Thursday Mar 20, 2014

Java 8, Eclipse, and the Future

Sometimes the planets just align. It was great that the Java 8 Day was at EclipseCon the day Java 8 launched.  That all the major IDEs provided Java 8 support on the day Java 8 launched was another great alignment -- thanks to everyone in the Java community that made it happen! 

Java 8 Day at EclipseCon was standing room only. Georges Saab opened the day with explaining how the Java 8 supports the basic definition of Java: it is simple, stable, fast, scalable and easy to read. Alex Buckley, Spec Lead for the Java Language & VM, described lambda expressions as "perhaps the biggest upgrade ever to the Java programming model." But Java 8 is much more than lambdas. He mentioned the new Stream API. Buckley said "The jump from Collections to Streams is larger than the jump from anonymous classes to lambda expressions." Thomas Schindl discussed JavaFX 8. Hinkmond Wong gave a great explanation of Java SE Embedded 8 Compact Profiles (slides here, stay tuned for future Java Magazine article). 

Executive Director of Eclipse Foundation, Mike Milinkovich (@mmilinkov) gave the EclipseCon keynote "Eclipse: The Next Ten Years." After discussing the history and success of Eclipse, Milinkovich provided the caveat that he does not have the power to dictate what projects will occur in the Eclipse community. "I think of my title as Chief Eclipse Cheerleader," he said. "It's a very Darwinian, bottom up process. What survives is what works," he explained.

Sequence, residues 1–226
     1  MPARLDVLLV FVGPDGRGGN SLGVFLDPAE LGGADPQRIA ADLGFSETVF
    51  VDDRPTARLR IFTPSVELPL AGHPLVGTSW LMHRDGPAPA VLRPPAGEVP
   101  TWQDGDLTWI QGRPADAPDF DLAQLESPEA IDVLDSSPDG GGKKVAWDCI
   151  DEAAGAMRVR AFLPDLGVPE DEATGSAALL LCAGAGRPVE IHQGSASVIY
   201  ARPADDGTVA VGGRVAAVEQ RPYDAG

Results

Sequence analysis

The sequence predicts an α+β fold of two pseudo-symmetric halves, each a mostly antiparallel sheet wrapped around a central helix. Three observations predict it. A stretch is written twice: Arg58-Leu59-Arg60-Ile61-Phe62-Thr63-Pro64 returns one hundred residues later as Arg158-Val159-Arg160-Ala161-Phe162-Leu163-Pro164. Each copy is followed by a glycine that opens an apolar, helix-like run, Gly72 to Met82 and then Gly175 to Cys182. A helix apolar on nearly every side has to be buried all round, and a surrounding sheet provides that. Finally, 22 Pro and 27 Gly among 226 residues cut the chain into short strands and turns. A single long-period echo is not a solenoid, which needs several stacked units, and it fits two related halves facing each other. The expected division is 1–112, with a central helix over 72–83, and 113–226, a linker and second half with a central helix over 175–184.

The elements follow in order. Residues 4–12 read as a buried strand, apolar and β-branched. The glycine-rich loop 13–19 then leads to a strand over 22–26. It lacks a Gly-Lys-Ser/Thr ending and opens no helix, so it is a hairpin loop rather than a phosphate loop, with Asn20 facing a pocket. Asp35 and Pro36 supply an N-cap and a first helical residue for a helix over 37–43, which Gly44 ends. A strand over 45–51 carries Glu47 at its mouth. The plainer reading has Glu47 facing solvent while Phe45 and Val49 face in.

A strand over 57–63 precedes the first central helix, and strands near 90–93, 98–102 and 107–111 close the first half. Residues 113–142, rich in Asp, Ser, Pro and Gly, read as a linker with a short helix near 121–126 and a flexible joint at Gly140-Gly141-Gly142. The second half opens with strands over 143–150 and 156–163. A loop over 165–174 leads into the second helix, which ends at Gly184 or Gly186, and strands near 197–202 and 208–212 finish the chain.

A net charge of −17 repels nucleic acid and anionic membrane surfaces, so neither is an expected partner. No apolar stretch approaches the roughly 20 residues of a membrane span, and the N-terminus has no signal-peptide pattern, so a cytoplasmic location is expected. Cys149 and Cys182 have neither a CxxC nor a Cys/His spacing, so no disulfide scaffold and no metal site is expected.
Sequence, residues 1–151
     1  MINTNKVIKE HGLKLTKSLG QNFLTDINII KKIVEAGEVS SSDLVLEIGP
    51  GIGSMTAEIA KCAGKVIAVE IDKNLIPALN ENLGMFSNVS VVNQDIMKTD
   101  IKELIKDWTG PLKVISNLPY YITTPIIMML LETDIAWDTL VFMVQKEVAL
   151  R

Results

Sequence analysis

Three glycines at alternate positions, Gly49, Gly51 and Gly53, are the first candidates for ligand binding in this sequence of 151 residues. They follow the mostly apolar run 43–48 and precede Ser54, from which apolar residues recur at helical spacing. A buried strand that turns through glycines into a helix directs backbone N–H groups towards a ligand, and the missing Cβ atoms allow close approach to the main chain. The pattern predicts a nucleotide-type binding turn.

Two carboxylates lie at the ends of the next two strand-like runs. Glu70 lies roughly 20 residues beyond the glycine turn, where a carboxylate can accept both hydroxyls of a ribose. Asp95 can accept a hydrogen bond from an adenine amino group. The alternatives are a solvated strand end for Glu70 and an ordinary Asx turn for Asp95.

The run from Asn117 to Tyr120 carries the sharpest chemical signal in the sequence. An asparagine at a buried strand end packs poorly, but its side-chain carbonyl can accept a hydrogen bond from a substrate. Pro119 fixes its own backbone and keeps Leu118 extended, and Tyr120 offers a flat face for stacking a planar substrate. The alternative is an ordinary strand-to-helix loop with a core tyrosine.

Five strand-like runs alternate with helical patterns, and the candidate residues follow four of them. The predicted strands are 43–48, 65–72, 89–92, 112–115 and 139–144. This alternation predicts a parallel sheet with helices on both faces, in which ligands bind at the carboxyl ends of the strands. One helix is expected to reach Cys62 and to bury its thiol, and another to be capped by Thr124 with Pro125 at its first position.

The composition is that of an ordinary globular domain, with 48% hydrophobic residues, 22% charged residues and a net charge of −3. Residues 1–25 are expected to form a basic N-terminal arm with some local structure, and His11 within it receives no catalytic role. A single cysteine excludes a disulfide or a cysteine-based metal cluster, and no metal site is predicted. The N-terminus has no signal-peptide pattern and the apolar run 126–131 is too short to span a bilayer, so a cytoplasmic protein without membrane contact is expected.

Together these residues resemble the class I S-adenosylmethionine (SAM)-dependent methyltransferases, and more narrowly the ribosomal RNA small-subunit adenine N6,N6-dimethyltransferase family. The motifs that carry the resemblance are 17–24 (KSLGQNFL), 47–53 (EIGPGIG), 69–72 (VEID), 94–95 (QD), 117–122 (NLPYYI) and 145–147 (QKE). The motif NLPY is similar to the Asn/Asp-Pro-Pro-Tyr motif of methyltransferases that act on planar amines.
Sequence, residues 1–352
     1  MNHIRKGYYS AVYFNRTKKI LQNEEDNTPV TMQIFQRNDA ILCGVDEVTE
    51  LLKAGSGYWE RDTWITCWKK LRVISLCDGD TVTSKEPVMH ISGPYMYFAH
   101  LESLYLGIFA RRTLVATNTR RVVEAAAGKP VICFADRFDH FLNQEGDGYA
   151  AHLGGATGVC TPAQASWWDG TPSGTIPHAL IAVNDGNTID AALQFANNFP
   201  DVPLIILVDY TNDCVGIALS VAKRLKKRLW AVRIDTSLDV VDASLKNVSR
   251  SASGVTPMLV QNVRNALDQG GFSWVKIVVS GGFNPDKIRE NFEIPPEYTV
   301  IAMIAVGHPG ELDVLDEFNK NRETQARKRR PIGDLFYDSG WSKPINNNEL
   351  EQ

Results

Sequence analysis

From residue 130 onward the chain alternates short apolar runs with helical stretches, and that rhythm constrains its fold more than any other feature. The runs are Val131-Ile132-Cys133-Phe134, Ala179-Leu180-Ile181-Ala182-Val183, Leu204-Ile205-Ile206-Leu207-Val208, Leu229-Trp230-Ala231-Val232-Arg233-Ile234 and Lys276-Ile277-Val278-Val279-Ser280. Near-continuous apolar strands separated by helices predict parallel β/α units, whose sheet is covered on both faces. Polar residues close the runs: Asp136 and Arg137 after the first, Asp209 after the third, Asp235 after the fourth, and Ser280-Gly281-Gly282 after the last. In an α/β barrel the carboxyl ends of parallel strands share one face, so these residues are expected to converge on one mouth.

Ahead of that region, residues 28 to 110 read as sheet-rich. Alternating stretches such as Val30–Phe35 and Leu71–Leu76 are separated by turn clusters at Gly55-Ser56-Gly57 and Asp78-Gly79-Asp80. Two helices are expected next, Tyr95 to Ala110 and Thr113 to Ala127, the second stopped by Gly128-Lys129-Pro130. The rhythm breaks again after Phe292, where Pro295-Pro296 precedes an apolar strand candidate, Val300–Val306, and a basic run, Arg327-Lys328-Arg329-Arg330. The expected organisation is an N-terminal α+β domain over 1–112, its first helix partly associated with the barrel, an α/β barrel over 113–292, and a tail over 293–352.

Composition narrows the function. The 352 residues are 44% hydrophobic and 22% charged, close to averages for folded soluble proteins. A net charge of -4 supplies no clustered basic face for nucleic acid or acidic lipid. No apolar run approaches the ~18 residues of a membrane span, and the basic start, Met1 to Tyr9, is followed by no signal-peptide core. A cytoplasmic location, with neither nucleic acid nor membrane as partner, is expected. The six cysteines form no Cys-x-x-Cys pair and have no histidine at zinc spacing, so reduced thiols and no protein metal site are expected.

Milinkovich talked about the trends he sees that will have an impact on developers and IDEs, and they apply to Java and the open source community as well:

Trend #1: Software is Eating the World
With a nod to Marc Andreesson, Milinkovich said that software is becoming ever more important and has an effect on everything, including how companies are valued. He gave the example of the Airbus Aircraft: the amount of software code used onboard on class of aircraft grew four times larger in three years. So should Airbus think of themselves of an airplane company or a software company? Not only is the codebase huge, but the lifespan of applications can span generations. "Would you program differently if your granddaughter will have to maintain your code?" Milinkovich asked with a smile.

Trend #2: Thing Internet of Things
What is the size of the IoT market? Is IoT a $14 Trillion market or is that hype? Whatever the number, IoT is big and will continue to grow. Most importantly, Milinkovich said, we need OPEN IoT. Eclipse has 14 projects in the IoT space, and he expects more to come. There was lots of interest in the IoT sessions at EclipseCon.

Trend #3: The Cloud
Evans Data predicts that by 2019, 65% of developers will primarily develop for cloud. Does that mean all the functionality from current desktop IDEs should be moved to the cloud? Milinkovich introduced a demo of Project Flux, showing how to connect an Eclipse project to the cloud. There were multiple sessions on developing in the cloud throughout EclipseCon. 

Java and Eclipse have both enjoyed years of great community, great technology and significant impact in the software industry. That comes from lots communication, lots of hard work, and favorable planetary alignment. 

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Insider News from the Java Team at Oracle!

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